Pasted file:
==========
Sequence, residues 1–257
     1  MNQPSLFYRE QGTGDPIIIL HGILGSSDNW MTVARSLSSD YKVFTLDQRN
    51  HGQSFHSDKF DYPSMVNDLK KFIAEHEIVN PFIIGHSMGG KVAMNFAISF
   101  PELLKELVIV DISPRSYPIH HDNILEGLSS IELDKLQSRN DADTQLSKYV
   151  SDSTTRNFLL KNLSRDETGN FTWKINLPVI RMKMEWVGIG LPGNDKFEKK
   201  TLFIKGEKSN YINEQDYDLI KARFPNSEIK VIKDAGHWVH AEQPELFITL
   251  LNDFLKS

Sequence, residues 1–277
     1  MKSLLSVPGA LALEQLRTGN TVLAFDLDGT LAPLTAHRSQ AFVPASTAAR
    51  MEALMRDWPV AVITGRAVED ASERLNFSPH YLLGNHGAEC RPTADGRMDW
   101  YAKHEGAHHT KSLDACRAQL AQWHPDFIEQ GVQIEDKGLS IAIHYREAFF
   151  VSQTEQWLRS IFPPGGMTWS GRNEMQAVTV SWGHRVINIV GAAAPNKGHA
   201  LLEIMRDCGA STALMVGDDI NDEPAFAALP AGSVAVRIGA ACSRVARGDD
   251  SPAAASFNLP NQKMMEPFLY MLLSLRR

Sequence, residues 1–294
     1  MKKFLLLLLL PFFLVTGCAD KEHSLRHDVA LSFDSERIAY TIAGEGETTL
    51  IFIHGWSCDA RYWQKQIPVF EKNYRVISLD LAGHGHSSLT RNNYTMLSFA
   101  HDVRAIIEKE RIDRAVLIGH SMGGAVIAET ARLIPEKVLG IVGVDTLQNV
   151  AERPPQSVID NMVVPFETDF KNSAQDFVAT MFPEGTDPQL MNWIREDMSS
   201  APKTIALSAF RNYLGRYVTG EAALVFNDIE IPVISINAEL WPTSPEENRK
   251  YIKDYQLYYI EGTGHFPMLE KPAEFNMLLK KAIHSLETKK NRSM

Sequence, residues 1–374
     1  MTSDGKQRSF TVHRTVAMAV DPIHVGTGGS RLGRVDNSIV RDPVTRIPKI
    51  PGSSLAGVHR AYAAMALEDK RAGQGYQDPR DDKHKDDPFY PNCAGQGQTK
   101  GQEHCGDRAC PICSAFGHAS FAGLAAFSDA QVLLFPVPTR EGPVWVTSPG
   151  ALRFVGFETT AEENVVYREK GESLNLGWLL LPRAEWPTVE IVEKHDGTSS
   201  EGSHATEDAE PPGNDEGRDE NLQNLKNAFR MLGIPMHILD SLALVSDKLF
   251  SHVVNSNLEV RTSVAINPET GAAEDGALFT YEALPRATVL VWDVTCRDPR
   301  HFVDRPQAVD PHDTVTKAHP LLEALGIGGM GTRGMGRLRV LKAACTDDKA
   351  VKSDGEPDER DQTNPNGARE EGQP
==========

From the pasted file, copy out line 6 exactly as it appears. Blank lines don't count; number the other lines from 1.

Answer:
   201  TLFIKGEKSN YINEQDYDLI KARFPNSEIK VIKDAGHWVH AEQPELFITL